The Role of Pallets in the Supply Chain

Put simply, pallets are the unsung hero that keeps the supply chain moving. Demand is currently outpacing production for pallets, and for good reason. This is a product built for movement, and its ability to standardize any product shipment and storage is impossible to overstate. In the age of just-in-time warehousing and shipments, we no longer face large movements of product inventory that can last for weeks or months. The supply chain is constantly moving, and every minute of efficiency saved can add to a business’s bottom line. As the foundation of these shipments, pallets (whether they be plastic or wood) can standardize the logistics for everyone involved in the chain.

This standardization component is the key to success. By using the same pallets across the supply chain, individual members can better plan ahead. And because the size of the pallet doesn’t change depending on the size of the products it transports, processes can remain standardized and in place from one shipment to the next.

How to Label Your Plastic Pallets

Most often, pallets are used not in isolation but as a small part of a much larger logistics infrastructure. This means that proper labeling is essential to maintaining organization and effectively managing both the storage and shipment of goods.

You’re likely already familiar with pallet labeling standards. A few best practices for labeling include:

  • Follow Global Standard One (GS1) SSCC guidelines, which include adding unique product and company labels.
  • Keep the labels both unique and sequential to avoid rejected shipments due to repeated codes.
  • Place labels on the side of your products so they will not be obstructed, and will be visible when equipment like forklifts pick up the pallet.
  • Keep the label at least 50 millimeters away from vertical pallet edges to avoid any incidental damage to it.
  • Place the label on top of any container that might envelop the pallet, like shrink wrap.
  • Use high-quality printed labels to make the code easily machine-readable and to avoid delays.

The Question of Sustainability in Buying Pallets

In an age where sustainability has become a core business consideration, the environmental impact of pallets used for logistical operations has to be considered as well. More durable materials will result in less attrition, and less waste as a result. Consider, for example, the environmental impact reduced by using recycled instead of new pallets. Based on the EPA’s waste reduction model, which focuses on the differences in CO2 emissions between landfilling and CO2 emissions during the recycling process, using 10,000 recycled versus new pallets can result in:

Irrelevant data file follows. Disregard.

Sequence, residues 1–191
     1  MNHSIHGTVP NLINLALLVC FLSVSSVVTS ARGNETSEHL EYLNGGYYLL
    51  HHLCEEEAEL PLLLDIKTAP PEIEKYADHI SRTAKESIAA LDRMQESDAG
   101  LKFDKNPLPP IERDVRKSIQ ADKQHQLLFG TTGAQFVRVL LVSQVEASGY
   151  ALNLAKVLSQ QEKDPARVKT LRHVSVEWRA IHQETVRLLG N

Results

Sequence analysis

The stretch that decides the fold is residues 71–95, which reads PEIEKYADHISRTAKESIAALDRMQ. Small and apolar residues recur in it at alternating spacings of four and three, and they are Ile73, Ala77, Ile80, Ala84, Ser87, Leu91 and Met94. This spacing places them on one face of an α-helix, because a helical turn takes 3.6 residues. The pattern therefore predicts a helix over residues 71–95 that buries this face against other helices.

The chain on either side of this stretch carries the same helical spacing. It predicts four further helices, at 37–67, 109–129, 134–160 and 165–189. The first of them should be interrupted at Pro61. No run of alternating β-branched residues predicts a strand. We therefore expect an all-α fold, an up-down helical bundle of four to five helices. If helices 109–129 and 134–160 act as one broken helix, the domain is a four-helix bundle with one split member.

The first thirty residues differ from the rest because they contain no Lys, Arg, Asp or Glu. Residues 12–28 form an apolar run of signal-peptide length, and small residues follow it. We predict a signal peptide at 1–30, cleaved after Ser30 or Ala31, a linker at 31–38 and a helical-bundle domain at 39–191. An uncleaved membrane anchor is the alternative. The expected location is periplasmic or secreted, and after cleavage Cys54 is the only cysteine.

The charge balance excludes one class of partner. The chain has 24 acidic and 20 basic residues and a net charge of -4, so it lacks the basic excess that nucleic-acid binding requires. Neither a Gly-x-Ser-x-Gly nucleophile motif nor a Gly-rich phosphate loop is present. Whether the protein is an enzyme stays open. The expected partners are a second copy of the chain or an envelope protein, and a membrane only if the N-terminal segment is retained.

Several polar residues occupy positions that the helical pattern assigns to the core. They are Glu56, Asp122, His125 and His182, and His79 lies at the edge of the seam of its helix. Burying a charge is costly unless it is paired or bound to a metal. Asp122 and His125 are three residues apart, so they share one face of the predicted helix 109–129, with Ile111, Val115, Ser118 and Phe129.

• 988 trees saved.
  • 207 tons of lumber diverted from landfills.
  • 300 fewer metric tons of CO2 emissions.
  • 63 passenger vehicles are being removed entirely from the road.

These numbers might be counterintuitive, but they make one thing very clear: plastic pallets can be more sustainable than wood pallets. Not only are they typically produced from recycled plastic, but these same plastics can be recycled again and used for other purposes. Instead of breaking down and needing to be replaced like wooden pallets, the life of plastic pallets can be near-infinite, significantly improving sustainability while also being recyclable.

Finding the Right Pallets for Your Business and Logistics

A helpful solution in the logistics process can actually make a major difference in how those logistics operate, including (but certainly not limited to) the sustainability of your operations. A well-managed pallet inventory, made up of products with the appropriate materials, will be well worth your time to research and implement. The process of improving your logistics may lead you to consider using plastic pallets, or you might prefer to stay with the more traditional wooden pallets instead. Either way, taking the time early to adequately research the topic can pay off big time, increasing efficiency and reducing waste down the road.